One of the things that I learned from that film since it was the first one that we ever got TeleFilm financing and a broadcaster pre-sale for was that nothing would turn out the way you originally planned it. When I first got into the editing room I thought I had to find a way to make the experience fit the plan we had because that was what we told everybody was going to happen. It took me three months or something that things not going according to plan was precisely where and why the film starts. It was by submitting to that and letting the reality of that take over that the film sort of got realized.
CT: Even in the film when you show up on camera you seem very exhausted at points, as well. Was there ever a point where you considered abandoning the project?
JB: Oh, all the time! I felt like that on the trip. I was wondering why I was doing this and thinking that I should just be here with my family and having this experience, but of course for the whole time I’m trying to make it into something else. I felt like that, and I felt like I would have to give back the money, and all that stuff. I went through all of that, and when I say it was a huge learning curve, I mean I learned that making personal work is really difficult. Even the editor who was putting it together and seeing me on camera was cringing at the beginning of that experience. I realized that I just had to be as honest and particular as possible in that experience, rather than trying to be universal or to extrapolate from that and make some sort of generalized thoughts on the death of a parent, which would have been incredibly pretentious. It was only by getting to the very heart and the particularity of that story, which was very difficult because it involved an incredible honesty about our situation there, that it was how the story would resonate with others.
CT: Moving on to The True Meaning of Pictures. This was the first time that you were literally looking at something through the literal lens of another artist. Did you feel it was more important to properly analyze the work of Shelby Lee Adams or to contextualize it to allow for more open conclusions to be drawn from the material?
JB: I think the two things sort of went hand in hand. The whole film is an argument about the problem of representation that doesn’t come to a conclusion either way. It lets the viewer make up their own mind about Adams. Even I still don’t really know how I feel about Adams’ work because it’s complex. He has real relationships with people for generations, on the one hand. On the other hand, he thinks that there’s no contradiction between claiming something is a self-portrait and something that’s an authentic portrait of someone else.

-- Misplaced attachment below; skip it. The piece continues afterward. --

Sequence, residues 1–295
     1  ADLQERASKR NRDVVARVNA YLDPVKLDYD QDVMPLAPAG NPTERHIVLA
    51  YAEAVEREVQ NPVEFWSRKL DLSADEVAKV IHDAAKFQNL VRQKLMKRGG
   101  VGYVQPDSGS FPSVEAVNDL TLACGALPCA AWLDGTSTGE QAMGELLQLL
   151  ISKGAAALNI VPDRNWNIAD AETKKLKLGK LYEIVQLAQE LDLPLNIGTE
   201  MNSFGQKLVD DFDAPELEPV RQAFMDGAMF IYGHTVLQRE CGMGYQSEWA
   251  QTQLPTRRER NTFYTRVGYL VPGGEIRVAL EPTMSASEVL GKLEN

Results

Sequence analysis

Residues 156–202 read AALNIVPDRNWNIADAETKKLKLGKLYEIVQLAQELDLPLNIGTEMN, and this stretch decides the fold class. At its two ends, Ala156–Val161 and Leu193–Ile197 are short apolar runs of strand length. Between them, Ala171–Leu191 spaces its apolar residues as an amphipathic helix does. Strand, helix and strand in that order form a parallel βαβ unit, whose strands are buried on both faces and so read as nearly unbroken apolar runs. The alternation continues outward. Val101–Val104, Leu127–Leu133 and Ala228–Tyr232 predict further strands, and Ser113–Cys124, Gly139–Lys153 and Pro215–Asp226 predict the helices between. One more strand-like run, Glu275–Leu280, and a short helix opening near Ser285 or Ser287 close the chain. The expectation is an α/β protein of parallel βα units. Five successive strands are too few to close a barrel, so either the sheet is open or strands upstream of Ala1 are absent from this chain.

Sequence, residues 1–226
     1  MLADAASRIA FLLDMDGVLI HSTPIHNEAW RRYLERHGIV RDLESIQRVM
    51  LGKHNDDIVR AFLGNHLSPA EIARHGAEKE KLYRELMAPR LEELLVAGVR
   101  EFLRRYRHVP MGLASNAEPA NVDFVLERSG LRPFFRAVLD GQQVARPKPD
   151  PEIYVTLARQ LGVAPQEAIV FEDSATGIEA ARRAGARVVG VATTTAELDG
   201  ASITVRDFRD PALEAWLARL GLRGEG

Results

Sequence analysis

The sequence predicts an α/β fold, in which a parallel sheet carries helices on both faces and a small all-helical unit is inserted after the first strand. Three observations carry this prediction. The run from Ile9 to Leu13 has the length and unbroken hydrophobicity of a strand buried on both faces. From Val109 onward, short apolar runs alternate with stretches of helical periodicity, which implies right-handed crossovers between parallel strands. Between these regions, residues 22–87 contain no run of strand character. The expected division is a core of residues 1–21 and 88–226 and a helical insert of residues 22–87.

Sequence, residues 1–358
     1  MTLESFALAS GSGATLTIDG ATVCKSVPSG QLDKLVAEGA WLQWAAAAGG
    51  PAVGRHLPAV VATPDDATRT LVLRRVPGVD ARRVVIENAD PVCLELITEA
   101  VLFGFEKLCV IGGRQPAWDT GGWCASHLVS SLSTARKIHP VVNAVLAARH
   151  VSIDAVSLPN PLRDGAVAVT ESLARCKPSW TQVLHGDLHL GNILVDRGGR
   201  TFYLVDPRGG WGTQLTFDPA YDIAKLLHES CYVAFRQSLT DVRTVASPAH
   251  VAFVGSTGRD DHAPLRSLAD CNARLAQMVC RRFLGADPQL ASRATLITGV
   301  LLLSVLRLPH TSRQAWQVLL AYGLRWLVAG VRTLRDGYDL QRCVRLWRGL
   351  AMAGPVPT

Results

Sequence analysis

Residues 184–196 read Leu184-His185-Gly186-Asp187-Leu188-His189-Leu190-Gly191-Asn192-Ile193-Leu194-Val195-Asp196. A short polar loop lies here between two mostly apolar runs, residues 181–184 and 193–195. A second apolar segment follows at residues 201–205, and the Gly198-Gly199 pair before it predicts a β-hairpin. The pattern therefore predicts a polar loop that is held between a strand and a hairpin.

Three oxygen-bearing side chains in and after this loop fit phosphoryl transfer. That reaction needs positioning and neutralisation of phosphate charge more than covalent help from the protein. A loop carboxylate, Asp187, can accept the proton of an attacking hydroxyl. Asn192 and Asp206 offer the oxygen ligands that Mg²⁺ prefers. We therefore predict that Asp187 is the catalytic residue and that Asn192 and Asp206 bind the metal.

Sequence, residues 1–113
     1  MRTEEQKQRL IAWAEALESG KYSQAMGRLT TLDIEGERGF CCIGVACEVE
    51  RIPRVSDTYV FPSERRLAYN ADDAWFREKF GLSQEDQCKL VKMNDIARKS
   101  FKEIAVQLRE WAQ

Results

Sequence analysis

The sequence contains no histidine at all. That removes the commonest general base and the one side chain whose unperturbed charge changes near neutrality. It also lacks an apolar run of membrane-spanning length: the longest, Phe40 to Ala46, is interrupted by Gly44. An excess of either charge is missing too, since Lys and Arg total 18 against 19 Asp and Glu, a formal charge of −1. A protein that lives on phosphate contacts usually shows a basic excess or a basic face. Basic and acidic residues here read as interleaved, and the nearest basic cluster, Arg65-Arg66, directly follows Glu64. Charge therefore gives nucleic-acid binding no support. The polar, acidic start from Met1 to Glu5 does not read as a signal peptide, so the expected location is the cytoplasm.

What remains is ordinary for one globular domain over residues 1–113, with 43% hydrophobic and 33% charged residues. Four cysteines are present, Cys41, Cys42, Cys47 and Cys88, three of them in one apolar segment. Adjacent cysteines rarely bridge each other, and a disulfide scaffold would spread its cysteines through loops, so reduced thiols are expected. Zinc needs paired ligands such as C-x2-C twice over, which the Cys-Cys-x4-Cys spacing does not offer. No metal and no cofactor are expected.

For me there was a density in that film that we had to be really careful of. A density in terms of words, and ideas, and arguments, and that had to be balanced with the experience of being with Adams’ subjects. I think one of the reasons why I wanted to make that film was because when I first saw Adams’ photographs at the Stephen Bulger Gallery I was immediately confronted with that whole sort of voyeuristic dilemma. Here I am in a beautiful gallery looking at pictures of extremely marginal people; caricatured people. Those caricatures were all brought to mind when you looked at these pictures. “Oh, this guy’s gonna chase me with a gun if I come on his land,” or something like that.
When we actually got there and spent some time with these people they were obviously nothing like that. They were just like us. That journey from voyeurism to empathy that we went thought while making that film was the same journey that we wanted the viewer to have, and to realize that same journey to reach that same place of empathy. The time that we spent with Adams’ subjects was really to that end. The argument was the stream that all of that stuff fit into. Balancing the two was tough, but I knew that they both had to be there in order for it to work.
CT: This film also builds an interesting bridge to your next film, Manufactured Landscapes. Was there anything that you learned about working this closely with Adams’ work that informed how you would approach someone else’s photographic work in the next film?
JB: Well, I knew that the sort of explicit reference to the frame was going to be important. We always had to have the viewer not always know what frame it was they were looking at so they don’t know if they’re looking at a moment when Ed (Burtynsky) was framing an image or if he was making it by other means.
I think all films about photography can be films about representation, but because we had already made this explicit argument about that, I didn’t want to make that same movie again, but I had wanted in more subtle ways to let the viewer understand that this is a moving target sort of thing.